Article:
Foxtel Now from Telstra
Foxtel’s streaming service is now made more convenient when you add it on to your existing Telstra subscription. Delivering the best of what Foxtel has to offer, Foxtel Now makes it possible for avid viewers to catch up on hit shows like The Walking Dead and Game of Thrones whenever and wherever, and across a wide range of devices. In addition, Foxtel now offers a 10-day free trial that gives you full access to everything in their library, which includes movies, docos, kids shows, and even premiere sporting events like NRL and AFL.
Get Foxtel Now from Telstra & start streaming with 10-day free trial.
The home off all things Kardashian, hayu is a reality-TV-only streaming service that does a superb job of delivering a constant stream of shows to its subscribers with archives of the classics – like all the Real Housewives series – going back years. The monthly cost is a mere $6.99 and you get a lot of reality TV for your money. Check out our full review of hayu to learn all about what it’s got to offer.
Ten All Access
Created in partnership with CBS in the US, Ten All Access is Network Ten’s very own streaming service — in addition to their free catch-up service, TenPlay. It features a mix of existing shows on Network Ten, plus recent and classic favourites from CBS including NCIS, The Good Fight, and reality shows like Survivor and The Bachelor. All of these, including live news, are available with a 1 month free trial offer.
Red Bull TV
This one’s for the extreme sports fans – whether that be people throwing themselves down mountains on skis, ploughing through the mud on dirt bikes, diving off cliffs or racing planes at high speed through an obstacle course. Packed with loads of sport content both bite-sized and long-form, Red Bull TV is totally free, paid for by the fact that it’s basically all a subtle advertisement for the energy drink!
Another action sports streamer, this one comes with a monthly subscription fee — but there’s always a selection of free titles for you to watch if you don’t mind the occasional ad break. There’s lots of surfing-related stuff to be found amongst the large TV library, making this a must for anyone who loves watching big wave action. This is all about full-length features rather than short clips or TV-like “channels” – Red Bull has that covered already. But if you want to get your dose of action sports with a bit more depth, Garage has it covered.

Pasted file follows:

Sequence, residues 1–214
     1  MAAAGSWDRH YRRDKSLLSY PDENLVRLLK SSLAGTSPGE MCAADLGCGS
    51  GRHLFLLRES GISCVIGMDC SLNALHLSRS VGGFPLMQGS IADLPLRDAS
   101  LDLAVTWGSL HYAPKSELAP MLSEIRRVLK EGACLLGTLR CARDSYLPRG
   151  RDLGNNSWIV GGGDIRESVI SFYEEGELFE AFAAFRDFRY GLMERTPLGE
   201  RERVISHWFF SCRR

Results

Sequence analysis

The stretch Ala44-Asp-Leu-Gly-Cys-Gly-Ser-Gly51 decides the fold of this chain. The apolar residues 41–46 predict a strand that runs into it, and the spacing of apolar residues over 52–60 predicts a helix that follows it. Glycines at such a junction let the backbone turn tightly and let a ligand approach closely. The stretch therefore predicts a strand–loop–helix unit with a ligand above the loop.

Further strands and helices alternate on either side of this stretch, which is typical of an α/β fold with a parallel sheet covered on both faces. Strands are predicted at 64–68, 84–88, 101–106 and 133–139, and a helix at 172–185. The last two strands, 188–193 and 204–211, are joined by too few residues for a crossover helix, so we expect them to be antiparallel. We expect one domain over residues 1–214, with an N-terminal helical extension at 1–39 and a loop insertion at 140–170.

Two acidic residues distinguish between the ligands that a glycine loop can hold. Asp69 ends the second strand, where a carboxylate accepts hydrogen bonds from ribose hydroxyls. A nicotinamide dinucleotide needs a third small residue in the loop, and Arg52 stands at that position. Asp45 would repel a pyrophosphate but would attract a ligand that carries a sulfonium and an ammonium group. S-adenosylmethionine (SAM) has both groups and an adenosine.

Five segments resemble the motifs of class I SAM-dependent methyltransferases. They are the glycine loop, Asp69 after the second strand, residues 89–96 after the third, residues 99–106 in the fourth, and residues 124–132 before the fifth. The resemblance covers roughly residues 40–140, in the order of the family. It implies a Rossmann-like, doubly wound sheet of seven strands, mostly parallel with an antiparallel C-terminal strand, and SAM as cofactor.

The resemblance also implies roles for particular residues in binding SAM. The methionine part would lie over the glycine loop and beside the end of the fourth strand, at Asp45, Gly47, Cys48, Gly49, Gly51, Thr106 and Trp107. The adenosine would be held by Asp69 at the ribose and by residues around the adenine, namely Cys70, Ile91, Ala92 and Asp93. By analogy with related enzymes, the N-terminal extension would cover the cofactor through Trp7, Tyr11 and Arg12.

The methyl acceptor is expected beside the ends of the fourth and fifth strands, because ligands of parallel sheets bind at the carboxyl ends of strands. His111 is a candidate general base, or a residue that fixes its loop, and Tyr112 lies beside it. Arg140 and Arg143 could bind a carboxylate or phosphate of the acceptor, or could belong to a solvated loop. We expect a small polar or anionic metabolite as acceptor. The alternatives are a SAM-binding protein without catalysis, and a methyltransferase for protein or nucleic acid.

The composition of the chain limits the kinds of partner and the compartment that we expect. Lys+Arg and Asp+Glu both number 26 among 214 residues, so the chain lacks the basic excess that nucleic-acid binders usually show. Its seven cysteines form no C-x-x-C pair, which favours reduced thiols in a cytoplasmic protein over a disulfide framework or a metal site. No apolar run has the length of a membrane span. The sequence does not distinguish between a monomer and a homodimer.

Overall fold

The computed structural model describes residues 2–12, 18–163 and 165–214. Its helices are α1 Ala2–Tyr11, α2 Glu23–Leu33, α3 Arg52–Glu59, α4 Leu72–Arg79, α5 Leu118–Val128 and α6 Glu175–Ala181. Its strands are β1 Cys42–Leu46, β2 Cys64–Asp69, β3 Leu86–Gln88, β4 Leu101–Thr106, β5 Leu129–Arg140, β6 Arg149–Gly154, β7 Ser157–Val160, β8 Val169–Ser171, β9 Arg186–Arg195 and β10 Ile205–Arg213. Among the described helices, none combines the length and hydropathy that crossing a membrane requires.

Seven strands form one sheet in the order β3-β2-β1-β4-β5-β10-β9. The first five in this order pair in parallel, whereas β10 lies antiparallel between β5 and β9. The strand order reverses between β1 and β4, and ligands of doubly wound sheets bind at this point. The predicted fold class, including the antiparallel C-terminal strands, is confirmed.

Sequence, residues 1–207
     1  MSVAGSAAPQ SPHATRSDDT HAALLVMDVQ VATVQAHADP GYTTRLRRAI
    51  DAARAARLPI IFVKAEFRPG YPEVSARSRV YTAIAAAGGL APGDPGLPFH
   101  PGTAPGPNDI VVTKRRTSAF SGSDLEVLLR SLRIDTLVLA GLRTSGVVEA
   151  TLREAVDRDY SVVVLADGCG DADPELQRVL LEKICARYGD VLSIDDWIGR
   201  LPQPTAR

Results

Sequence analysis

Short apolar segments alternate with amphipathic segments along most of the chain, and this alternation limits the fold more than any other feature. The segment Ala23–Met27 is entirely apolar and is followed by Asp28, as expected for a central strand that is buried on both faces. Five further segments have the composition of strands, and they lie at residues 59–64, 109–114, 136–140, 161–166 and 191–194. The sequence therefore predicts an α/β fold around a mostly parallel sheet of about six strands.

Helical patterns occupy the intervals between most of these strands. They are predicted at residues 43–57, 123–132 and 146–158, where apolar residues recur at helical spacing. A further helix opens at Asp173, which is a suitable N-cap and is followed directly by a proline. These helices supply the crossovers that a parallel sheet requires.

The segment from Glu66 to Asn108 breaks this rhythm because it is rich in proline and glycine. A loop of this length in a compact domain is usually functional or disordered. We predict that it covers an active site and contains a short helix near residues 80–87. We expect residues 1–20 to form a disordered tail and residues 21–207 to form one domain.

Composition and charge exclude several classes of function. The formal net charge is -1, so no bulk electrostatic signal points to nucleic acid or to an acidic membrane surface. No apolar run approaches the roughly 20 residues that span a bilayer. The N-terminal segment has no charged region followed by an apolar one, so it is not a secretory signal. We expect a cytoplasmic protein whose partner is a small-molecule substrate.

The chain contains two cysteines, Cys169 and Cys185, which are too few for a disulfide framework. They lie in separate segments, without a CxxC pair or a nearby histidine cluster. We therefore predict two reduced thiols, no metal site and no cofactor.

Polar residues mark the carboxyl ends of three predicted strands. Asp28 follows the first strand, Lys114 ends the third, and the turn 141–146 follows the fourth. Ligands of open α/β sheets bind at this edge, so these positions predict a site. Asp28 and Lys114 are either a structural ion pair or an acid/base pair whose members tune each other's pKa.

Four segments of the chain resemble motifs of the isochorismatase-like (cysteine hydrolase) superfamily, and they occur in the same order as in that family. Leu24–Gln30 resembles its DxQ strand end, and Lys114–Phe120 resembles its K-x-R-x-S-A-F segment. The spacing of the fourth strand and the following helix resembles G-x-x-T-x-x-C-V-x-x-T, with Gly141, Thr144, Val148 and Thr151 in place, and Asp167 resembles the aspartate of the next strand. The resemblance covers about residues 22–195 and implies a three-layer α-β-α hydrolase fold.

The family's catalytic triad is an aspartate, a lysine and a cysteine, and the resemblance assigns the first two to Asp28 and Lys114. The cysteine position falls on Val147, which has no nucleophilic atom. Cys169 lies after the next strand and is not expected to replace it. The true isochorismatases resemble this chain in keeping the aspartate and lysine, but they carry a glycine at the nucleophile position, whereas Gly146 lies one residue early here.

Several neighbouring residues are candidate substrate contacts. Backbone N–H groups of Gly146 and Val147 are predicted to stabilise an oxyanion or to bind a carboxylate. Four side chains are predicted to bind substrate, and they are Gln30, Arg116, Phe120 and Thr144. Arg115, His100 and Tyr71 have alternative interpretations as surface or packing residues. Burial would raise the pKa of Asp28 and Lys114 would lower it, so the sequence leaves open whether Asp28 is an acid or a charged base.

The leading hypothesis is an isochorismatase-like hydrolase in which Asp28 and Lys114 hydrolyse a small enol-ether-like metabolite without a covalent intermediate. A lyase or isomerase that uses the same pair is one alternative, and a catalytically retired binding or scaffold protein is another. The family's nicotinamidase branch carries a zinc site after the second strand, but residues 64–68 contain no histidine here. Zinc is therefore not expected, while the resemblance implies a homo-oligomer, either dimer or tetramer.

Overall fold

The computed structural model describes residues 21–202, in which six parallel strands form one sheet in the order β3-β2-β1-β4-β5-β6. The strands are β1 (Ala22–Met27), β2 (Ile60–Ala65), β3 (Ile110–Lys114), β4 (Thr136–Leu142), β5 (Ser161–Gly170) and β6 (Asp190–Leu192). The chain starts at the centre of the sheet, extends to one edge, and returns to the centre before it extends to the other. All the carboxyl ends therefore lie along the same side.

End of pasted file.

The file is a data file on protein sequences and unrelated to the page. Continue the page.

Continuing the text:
We can’t leave the almighty YouTube out. The pioneer of online video streaming is a Google-owned behemoth these days, which offers short and long videos of just about anything you can think of. In recent years, it has even started producing its own TV shows under the YouTube Premium banner (for which there’s a monthly subscription fee of $14.99, though that comes with the very big bonus of removing all ads from YouTube for you). Most of the content is completely free though, and if you sign in to the app, it’ll give you spookily accurate recommendations based on what you watch.
The best of the lesser known Smart TV apps
While those are some of the key apps you’ll find across the various smart TVs and other devices out there, they are by no means all there is. Simply dig around in your device’s app store and you’ll come across many more. Some are obscure and some are outright terrible, but most of them are either free or have a free element to them. One thing’s for sure – with the sheer amount of apps out there, you’ll never be stuck for something to watch again, even if there’s “nothing on TV”!